KITSUNE • by Elizabeth Creith

Were you ever at Kitsune? You say it “Kit-SOO-neh”. A little Japanese-style place on Queen Street, tucked in between a bookstore and a donut shop, not a bar, exactly, although they mostly served drinks. Saki, but other things, too. It was classier than a bar. A very quiet place, little tables. Seated maybe twenty.

The waitresses all wore kimono, and acted like geisha. No, not like hookers. Like high-class entertainers. There was singing and stuff. You could even hire one to sit at your table and talk with you about whatever you liked, clean talk, you know. They all spoke good English, with this beautiful accent, and they could hold an intelligent conversation about damn near anything.

Men didn’t go to Kitsune to get drunk. They went to be fussed over, treated like they were important.

Kiku worked there. I got so I’d go on the nights when I knew she’d be in. I knew Kiku wasn’t her real name. She told me it meant “Chrysanthemum”, but she wouldn’t say what her real name was. She usually wore kimono in brown or red or yellow, always a little muted, and embroidered with chrysanthemums.

No, they don’t all look the same. I could pick Kiku out of a hundred Japanese girls, even a thousand, even now, all this time later. So what if they all have black hair? That doesn’t make them identical.

She had a sweet face, kind of like a kitten face; pointed chin, straight, small nose. Her nose was a bit pointed, too, and she had the biggest, darkest eyes, a little close-set. Thin, almost semicircular eyebrows that she could use to say almost anything. She had a wicked wit, even a little naughty at times. She could always make me laugh, and she’d laugh right along with me, but softly, you know?

She was such a tiny thing, you’d think she’d have this little childlike voice. But she didn’t. Her voice was low and full-sounding. Womanly. When she laughed it was like a ripple, but low in her throat, like an animal laughing, maybe. I don’t know. I just never heard a laugh like that. It charmed the hell out of me.

I know she liked me, maybe nearly as much as I liked her.

Well, we got to be friends, and more than friends, although it didn’t go beyond sitting and talking at Kitsune. I offered to give her a ride home after work once or twice, but she said it wasn’t allowed, to be that friendly with the patrons. That’s what they called their customers.

One evening she asked me to wait for her after work. It was late June. I’d been going to Kitsune for a little over a year.

Of course I did. I wonder sometimes what would have happened if I hadn’t.

I sat in my car in the parking lot until all the girls left and the lights were out. She came out last, and when I went over to her she took my hand and led me around the back of the building. There was a narrow little fire escape up to the second floor. When we got up there, she had a key to the door, and we went in. She took off her shoes and made me take mine off, too. When she turned on the lights I saw why.

It was a little apartment, the floor covered with matting. There was a tiny stove, and she made tea. And then she took me into the other room and helped me undress.

We didn’t sleep until just before sunrise. I wish I’d stayed awake. I don’t know if it would have made any difference, but I can’t help wondering.

When I woke up, it was just past sunrise, that light that’s all blue in the west still, and the pink just starting in the east. I was lying in a vacant lot, surrounded by tall grass. My clothes were beside me, neatly folded. I put them on in a hurry, wondering what the hell.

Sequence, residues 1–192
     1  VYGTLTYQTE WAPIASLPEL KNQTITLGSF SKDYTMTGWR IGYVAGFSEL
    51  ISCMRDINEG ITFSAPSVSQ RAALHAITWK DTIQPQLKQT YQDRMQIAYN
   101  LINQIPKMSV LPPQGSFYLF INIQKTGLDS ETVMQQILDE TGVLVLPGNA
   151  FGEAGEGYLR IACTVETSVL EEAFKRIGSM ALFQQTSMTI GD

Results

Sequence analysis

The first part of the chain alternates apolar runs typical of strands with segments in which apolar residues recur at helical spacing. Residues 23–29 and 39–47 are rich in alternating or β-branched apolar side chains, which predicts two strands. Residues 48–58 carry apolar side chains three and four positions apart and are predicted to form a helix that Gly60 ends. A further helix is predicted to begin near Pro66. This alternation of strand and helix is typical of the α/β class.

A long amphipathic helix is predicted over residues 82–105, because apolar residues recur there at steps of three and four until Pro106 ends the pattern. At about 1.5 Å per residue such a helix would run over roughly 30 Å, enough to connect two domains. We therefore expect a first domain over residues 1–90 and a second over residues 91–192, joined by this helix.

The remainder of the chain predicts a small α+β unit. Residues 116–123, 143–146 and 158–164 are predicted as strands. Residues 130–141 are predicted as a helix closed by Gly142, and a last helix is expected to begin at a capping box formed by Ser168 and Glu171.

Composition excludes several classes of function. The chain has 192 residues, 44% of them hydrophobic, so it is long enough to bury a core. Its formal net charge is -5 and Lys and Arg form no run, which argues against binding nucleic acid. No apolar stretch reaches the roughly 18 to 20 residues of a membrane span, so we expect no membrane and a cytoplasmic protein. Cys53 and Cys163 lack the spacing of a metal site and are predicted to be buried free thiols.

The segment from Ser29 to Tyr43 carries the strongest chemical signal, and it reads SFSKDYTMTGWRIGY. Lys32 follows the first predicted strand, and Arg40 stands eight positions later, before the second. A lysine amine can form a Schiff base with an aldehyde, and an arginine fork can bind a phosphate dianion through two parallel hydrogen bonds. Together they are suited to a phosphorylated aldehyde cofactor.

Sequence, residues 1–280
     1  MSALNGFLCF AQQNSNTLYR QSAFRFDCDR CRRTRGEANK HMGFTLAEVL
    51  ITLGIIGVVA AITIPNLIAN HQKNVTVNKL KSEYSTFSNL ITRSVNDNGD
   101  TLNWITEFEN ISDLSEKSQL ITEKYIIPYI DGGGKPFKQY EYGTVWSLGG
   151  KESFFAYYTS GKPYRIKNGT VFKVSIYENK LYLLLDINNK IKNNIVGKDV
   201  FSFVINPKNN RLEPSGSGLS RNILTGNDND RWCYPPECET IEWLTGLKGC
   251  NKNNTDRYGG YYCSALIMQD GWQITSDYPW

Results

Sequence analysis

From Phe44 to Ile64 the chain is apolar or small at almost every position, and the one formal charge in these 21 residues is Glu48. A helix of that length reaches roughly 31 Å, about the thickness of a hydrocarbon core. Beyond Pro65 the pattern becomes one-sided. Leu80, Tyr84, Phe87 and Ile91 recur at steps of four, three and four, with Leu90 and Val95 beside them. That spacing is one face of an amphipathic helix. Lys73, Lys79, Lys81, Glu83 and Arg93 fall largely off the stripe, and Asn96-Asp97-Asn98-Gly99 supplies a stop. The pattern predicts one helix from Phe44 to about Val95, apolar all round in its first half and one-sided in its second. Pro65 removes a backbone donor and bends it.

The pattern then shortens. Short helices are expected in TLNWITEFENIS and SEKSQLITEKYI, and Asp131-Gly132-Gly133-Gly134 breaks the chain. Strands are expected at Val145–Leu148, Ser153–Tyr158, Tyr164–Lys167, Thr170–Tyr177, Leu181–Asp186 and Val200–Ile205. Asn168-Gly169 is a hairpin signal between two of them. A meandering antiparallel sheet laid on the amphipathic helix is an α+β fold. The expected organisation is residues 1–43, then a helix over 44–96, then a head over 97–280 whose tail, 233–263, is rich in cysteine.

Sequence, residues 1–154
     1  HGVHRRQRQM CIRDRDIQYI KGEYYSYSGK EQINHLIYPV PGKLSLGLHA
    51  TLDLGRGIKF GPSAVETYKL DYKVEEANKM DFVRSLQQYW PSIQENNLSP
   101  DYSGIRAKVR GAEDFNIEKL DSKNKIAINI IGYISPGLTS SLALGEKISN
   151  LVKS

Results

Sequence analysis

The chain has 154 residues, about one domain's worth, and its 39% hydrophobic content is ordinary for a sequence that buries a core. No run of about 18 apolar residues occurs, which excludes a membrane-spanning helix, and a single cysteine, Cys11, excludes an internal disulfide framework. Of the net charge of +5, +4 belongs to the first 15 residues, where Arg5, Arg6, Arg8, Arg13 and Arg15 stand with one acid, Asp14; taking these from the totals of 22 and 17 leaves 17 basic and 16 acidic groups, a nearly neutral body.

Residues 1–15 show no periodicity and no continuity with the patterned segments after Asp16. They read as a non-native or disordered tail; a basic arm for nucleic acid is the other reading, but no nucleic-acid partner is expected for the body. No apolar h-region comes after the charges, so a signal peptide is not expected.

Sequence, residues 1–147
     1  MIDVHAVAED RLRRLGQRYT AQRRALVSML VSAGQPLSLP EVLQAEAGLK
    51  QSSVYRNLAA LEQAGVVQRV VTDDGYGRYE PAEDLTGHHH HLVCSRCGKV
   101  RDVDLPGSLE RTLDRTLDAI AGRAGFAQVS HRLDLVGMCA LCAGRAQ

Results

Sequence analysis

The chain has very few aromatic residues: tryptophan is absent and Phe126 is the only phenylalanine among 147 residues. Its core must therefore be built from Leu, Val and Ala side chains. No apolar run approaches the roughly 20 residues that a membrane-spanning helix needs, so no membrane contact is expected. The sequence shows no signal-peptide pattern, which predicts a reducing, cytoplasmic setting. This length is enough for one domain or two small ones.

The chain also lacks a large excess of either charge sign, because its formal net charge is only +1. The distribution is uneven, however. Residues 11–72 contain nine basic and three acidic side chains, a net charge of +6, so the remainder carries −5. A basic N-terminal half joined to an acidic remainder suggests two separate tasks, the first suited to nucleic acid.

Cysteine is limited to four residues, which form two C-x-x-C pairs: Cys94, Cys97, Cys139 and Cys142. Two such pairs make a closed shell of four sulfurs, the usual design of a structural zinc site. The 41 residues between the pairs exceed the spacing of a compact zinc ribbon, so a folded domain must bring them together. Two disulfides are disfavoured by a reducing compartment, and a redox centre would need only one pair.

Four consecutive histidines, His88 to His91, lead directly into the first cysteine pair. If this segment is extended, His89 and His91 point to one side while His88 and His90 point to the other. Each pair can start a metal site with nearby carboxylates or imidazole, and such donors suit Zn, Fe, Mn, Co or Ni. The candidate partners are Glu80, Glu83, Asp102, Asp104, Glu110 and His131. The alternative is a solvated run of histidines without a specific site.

When I was dressed, I stood up, looking for Kiku. I called her, turning all around. And that’s when I saw my car, sitting in the middle of the lot. And the grass was moving beside it, like there was an animal there, or something.

All I could think was that she was there and hurt somehow. As I reached the car, the grass started moving like the animal was running away. I saw — something. Something reddish. Something small and fast. But no Kiku.

I filed a missing person report with the police. The problem was, I couldn’t tell them anything about that short time between when we fell asleep together and when I woke up alone. It was maybe an hour at most. They never found her. I never found her. It was like she’d vanished.

But that’s not the strangest thing. When I started looking around, I saw that all the buildings were the same as the ones around Kitsune. But Kitsune was gone. There was just this vacant lot, like there’d never been a building there.

I had strange dreams for a few nights, dreams of Kiku. I did some reading, and then I cashed in my bonds and bought the lot. For something in the city, it’s like a little bit of wilderness. There are rabbits there, and I’ve seen ‘coons going through. And there’s a fox. Not always, but sometimes. She used to have a cub with her, but he’s gone now.

So I sleep out there on warm nights. I’m safe, I think. Anyway, if Kiku wants me, she’ll know where to find me. She won’t have to rebuild Kitsune to lure me in again.

Elizabeth Creith draws on her familiarity with history, myth and folklore to write her fiction and poetry. For ten years she wrote humour and commentary for CBC radio. She has had stories published or accepted by New Myths, Chicken Soup for the Soul and THEMA, among others. Her flash “Companion Animal” placed twelfth in the Writers’ Union of Canada 2008 Postcard Fiction Contest, and her flash “Dark Chocolate” came in first in the Northwestern Ontario Writers’ Workshop 2010 writing contest. Elizabeth lives, writes and commits art in Wharncliffe, Northern Ontario, distracted occasionally by her husband, dog and two cats.

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